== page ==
343. Robert Bloomfield to Hannah Bloomfield, 13 September 1819 

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The Letters of Robert Bloomfield and His Circle, Edited By Tim Fulford and Lynda Pratt
TEI

343. Robert Bloomfield to Hannah Bloomfield, 13 September 1819* 

Daggets Court. Sept 13. 1819

My Dear Hannah

I write now at half past ten in the morning because I would not wish to mingle with, or be trampled on by Hunts mob [1]  in the afternoon, They are coming in procession from Highgate. Your parcel was not deliverd until yesterday (Sunday) at eleven. The peaches were partly smashd, for they require nice packing. James came in while we were opening it. He first eat his peaches and then open'd the letter to see if they were his. Isaac and child were here and tasted of your good things. I took part of them to Curtain Road, where I had engaged to dine, and there, to the astonishment of every one found that my Brother had resolved to dress and come down stairs! He did so, and breakfasted below, and sat there till I came, when he eat for dinner, baked pudding and Lamb, and was full of talk but quite as full of groans. He was askd what he would take by way of drink, and he answered 'O I will have some beer', he accordingly took perhaps half a pint of good porter, (Barclay & Perkins) and Aunt Charlotte happening to say 'perhaps your Brother would like to go into the little room and smoke his pipe?' 'Aye, says he and Ill have a pipe too, for the novelty'. He had not smoked before for a year and a half. I have began to think that this was all unnatural appetite, and that he would never eat again; but he went to sleep soundly and 6 hours after had tea and coffee, and a Rusk, and 'said he was better' but he found out that he could not workd if it had not been Sunday, though he actually went out to be shaved and would not suffer any one to lead him! Did I not always tell you that he is the strangest man I ever met with in my life?—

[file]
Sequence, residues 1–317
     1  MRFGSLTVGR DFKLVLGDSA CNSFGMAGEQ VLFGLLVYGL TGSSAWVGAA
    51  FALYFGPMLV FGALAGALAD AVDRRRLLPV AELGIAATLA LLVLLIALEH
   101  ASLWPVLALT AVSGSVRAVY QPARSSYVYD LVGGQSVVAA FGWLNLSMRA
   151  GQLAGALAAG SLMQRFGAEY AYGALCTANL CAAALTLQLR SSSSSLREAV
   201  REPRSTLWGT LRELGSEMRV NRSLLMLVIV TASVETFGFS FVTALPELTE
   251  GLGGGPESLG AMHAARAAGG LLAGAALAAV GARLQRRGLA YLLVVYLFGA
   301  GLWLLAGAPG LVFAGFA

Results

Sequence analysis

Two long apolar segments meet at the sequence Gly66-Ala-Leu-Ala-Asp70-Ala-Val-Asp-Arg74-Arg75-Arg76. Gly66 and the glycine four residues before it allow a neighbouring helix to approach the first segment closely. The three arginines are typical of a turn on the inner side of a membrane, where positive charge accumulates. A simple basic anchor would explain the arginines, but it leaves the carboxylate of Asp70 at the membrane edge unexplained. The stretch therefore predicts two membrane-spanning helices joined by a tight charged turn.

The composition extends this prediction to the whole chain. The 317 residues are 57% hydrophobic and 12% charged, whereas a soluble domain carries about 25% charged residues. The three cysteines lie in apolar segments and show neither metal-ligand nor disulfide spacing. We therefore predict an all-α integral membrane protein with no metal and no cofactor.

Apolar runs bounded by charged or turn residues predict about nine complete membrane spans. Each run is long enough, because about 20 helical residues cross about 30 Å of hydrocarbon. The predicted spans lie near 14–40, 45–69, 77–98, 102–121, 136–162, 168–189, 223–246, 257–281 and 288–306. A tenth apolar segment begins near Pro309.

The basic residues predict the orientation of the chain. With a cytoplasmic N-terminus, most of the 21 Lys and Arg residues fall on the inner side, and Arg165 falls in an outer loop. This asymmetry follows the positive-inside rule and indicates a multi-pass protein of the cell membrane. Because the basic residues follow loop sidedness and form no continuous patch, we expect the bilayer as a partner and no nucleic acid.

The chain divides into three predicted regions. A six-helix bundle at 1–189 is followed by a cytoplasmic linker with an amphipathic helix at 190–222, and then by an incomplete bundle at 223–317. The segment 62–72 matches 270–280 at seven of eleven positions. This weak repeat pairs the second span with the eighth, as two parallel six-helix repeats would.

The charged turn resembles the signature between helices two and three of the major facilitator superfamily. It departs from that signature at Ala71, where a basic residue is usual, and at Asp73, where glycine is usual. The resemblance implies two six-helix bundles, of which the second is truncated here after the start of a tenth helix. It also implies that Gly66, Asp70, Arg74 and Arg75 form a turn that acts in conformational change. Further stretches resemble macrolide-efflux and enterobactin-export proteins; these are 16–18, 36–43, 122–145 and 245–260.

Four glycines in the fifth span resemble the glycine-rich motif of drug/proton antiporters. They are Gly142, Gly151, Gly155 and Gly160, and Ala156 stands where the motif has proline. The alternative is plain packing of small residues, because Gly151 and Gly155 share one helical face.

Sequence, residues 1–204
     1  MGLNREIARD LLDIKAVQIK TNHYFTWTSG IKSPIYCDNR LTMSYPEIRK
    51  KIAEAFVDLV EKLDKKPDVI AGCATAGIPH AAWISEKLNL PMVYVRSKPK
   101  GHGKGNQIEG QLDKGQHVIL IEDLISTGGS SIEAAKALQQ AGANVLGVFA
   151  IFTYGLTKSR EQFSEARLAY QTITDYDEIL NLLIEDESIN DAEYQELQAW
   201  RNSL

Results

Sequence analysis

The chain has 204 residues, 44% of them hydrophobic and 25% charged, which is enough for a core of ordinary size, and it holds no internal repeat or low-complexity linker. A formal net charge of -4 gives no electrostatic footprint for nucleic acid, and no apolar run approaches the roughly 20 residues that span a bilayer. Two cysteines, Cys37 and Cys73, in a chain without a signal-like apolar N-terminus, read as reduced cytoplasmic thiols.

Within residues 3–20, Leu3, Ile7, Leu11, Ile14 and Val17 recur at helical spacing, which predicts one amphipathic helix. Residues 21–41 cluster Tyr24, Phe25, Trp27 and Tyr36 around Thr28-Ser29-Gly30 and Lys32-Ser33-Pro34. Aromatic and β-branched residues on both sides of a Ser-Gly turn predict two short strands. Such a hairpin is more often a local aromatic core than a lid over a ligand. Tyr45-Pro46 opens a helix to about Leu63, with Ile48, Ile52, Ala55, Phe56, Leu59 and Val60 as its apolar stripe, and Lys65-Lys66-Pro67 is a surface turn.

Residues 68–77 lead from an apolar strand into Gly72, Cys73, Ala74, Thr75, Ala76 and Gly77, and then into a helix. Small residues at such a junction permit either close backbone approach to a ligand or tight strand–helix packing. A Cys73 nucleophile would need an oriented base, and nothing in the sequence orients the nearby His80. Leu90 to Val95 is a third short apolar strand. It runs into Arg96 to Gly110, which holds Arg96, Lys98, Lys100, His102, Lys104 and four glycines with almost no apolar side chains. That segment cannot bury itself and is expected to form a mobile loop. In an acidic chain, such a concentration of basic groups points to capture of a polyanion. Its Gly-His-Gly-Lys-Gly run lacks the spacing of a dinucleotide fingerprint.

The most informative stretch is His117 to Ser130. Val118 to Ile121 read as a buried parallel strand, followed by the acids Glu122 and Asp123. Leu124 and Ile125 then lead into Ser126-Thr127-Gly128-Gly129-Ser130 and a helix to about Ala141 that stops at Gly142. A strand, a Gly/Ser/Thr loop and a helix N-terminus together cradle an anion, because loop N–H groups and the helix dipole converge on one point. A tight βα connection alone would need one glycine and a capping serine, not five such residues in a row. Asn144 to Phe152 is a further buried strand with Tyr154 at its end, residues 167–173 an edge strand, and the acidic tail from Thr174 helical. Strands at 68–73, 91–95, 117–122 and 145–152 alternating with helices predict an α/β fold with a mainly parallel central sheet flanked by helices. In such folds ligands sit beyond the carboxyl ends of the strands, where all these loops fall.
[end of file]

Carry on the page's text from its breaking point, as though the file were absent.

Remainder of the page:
(One Oclock) I have just seen him and both the Doctors, who say that he is certainly getting better, but must take care of himself. &c—

Up to this time I have heard nothing from Baldwin but expect it every hour! On Thursday morning Miss Weston and Mrs Smith calld and had a gossip of which it would be folly to attempt any account. I myself shall try to see them, (the windsorites) short as the time is. I will see Charlotte or write to her before I think of sending any parcel.—

A very good house of 8 Rooms in the City Road lets at about £55 per year! Betsey thanks you for the nuts, and at the rate she goes on they will not get mouldy. Tomorrow I shall drink tea with Mrs G Page. Old Binley wants to come back again! I have not seen Bet Isaac, but she is well. You must put up with these bits and scraps till I write again either from this place or from Windsor on Saturday next, when surely I shall have more to say of myself and my fortune. Lucy Wood of Honington answerd James little sister when she askd the question, that 'the Duce, Meant half a Devil'. I say the Duce take this long suspense.

Love and health. I must be off to the post office. Yours ever

P.S. don't let charles be offended at my not writing to him. I have his interests as much at heart as my own.

Address: Miss Bloomfield, / Shefford, / Beds.

* BL Add. MS 28268, ff. 402–03 BACK

[1] On 16 August 1819 Henry Hunt had been arrested and many of the supporters of reform whom he was addressing at a mass meeting in Manchester killed. The Peterloo massacre, as it was called, caused popular protest across the country. On 13 September Hunt returned to London, his trial pending, to be met by huge cheering crowds, a procession and welcoming committee. Despite this support, he was sentenced to two and a half years in prison. BACK

Published @ RC

September 2009